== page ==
Fun and Games
There are plenty of family friendly children’s games that involve counting, such as Chutes and Ladders or Candy Land. These sorts of games are great for acquainting kids with numbers. Not only will they have to roll the die and need to recognize the number they get, but they will then need to count how many spaces they move as a result. For more advanced players, card games like War that involve addition can be helpful with simple math problems as well.

Spotting Shapes
It is also important for kids to develop a basic understanding of geometry and special relations. Blocks and other such toys can help with this early on, but as they learn the names and appearances of shapes, you can also have them identify shapes around the house and anywhere else you go, too.

Math for Kids

A Map of Home
Creating a map of your house can be helpful for a lot of reasons. Not only can it help your child practice spatial language and develop a deeper understanding of spatial relations, but it can also help when it comes to plotting a course for escape in the event of an emergency like a fire.

Helping Hands
Having kids help out with dinner can help them learn to read and introduce them to new foods, but it can also help them learn all about measuring. While there are many forms of measurement, one of the easiest things you can do with kids is prepare dinner according to a cookbook. Have them help you measure out all of the spices and other ingredients so they can become familiar with numbers and measurements as well as with words and food.

Babies Can Learn To Read Too

Babies Can Read Too

It may seem pointless to read to a newborn – they can’t read yet, they don’t understand language, and processing images is still something they are getting used to. But these are actually great reasons that should inspire you to read to your newborn. There are some surprising benefits to breaking out the books early, and they can really go a long way.

Baby Bonding
Reading with your baby is a nice way to relax. Reading aloud can have a calming effect on newborns, especially since they can get used to your voice and find comfort in it. It’s never too early for bed time stories, especially when the sound of your voice in a calm, even cadence can get them to relax and get ready for bed.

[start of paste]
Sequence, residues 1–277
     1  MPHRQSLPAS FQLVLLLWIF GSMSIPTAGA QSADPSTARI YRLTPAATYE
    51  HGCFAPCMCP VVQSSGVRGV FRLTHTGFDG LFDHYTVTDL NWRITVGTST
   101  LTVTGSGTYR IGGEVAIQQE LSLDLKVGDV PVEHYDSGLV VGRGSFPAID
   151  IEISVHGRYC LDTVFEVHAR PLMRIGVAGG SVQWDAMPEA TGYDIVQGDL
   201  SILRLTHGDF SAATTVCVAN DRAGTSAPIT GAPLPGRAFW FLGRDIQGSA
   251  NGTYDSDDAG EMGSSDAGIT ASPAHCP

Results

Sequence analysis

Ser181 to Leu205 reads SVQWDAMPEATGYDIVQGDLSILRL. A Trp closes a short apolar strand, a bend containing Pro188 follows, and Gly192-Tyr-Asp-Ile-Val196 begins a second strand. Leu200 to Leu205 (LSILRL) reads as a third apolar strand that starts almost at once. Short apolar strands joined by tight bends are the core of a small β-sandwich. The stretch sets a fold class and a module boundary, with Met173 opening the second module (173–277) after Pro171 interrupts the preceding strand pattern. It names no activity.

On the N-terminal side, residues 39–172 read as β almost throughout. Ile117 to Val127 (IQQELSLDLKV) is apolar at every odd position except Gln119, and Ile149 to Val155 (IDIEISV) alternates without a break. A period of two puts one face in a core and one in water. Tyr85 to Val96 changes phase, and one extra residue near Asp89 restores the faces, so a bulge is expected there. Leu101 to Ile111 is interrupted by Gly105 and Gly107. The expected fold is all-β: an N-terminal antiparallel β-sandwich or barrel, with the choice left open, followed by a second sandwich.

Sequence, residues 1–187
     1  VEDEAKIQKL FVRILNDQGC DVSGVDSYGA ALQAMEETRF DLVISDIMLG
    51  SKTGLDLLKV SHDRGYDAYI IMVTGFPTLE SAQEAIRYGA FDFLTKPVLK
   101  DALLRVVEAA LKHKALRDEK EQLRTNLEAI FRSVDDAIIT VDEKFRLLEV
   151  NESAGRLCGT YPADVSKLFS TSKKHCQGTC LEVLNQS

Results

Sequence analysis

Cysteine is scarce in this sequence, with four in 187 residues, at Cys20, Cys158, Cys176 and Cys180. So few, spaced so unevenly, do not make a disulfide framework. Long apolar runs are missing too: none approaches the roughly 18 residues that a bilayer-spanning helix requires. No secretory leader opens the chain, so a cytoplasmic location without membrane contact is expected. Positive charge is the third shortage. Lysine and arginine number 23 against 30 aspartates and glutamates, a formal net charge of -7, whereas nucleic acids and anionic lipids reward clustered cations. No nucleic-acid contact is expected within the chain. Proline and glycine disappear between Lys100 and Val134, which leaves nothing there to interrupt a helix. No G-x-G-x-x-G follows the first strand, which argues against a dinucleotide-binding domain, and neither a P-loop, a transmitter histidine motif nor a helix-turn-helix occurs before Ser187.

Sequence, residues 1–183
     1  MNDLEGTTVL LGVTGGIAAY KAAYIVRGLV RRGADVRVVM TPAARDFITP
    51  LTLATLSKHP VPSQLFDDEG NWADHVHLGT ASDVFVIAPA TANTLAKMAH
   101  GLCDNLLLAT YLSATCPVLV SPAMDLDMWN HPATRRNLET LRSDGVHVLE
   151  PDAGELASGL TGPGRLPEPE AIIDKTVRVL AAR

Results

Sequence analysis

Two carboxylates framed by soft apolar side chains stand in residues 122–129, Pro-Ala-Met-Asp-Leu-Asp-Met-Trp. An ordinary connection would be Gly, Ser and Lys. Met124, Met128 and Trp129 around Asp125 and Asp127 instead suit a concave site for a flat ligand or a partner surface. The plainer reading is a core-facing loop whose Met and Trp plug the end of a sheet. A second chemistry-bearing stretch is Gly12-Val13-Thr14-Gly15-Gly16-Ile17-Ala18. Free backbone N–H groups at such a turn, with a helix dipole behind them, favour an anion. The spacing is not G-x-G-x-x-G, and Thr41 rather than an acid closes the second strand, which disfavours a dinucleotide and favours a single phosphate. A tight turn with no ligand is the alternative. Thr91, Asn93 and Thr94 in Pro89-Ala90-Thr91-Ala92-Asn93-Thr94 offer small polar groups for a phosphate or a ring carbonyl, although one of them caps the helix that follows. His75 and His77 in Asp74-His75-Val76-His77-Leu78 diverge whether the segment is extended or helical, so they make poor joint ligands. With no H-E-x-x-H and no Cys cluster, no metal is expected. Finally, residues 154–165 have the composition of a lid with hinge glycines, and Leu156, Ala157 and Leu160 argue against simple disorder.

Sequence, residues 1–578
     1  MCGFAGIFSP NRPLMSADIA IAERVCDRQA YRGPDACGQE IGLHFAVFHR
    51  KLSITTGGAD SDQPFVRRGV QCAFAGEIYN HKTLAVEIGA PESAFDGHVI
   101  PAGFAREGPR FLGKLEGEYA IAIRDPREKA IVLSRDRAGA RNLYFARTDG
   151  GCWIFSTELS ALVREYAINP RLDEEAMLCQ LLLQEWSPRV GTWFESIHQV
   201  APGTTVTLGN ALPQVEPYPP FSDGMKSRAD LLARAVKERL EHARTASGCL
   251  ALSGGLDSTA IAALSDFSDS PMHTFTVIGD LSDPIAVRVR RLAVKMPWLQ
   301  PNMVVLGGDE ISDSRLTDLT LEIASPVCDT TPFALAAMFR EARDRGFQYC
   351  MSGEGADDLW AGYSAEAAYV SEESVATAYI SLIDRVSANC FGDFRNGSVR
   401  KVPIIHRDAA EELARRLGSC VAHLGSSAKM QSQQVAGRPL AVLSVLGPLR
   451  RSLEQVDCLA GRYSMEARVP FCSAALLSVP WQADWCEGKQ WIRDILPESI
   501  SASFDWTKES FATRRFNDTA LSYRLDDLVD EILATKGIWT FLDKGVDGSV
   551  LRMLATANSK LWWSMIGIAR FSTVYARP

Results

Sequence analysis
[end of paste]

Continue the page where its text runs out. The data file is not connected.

Active Listening
Listening plays a huge part in learning language, so even if children cannot yet process or understand words, reading to them will play a huge role in their developing language skills. Plus, reading to kids can help boost their early vocabulary, too. You may feel tempted in every other hour of the day to babble on in baby-speak to your child but talking them in a normal voice with normal speech (though using simple words can be helpful) is actually more beneficial to children and their developing minds. Reading from a book to them on a regular basis can have the same effect.

Ready Readers
Making reading a common activity helps shape active readers, and kids who are read to are more likely to develop their own love for reading as they get older. Not only that, but listening can help kids become better readers, too. Once they do become familiar with language, they can learn to follow along as you read to them. Before you know it, they’ll be reading on their own! But it all starts early, so reading to children while they are still infants can make a difference.

Brain Boost
Studies have also shown that children who were read to as newborns not only have a larger vocabulary, but that they also exhibit more advanced mathematical skills than other kids their age as well. These same studies have also uncovered a direct correlation between how many words a baby hears each day and their overall language skills. One study even found that babies whose parents spoke to them a lot when they were younger scored higher on standard tests when they reached age 3 than children whose parents weren’t as verbal with them.

React and Response
Studies have also shown that babies whose parents read to them get used to the rhythmic pattern of their parents’ voices. This can be calming, but it can also help them better identify subtle clues in speech such as the mood of the speaker by their tone of voice.  Babies are exposed to feelings through the different sounds parents use when reading, whether it’s doing a voice for a character or describing what’s going on in the story.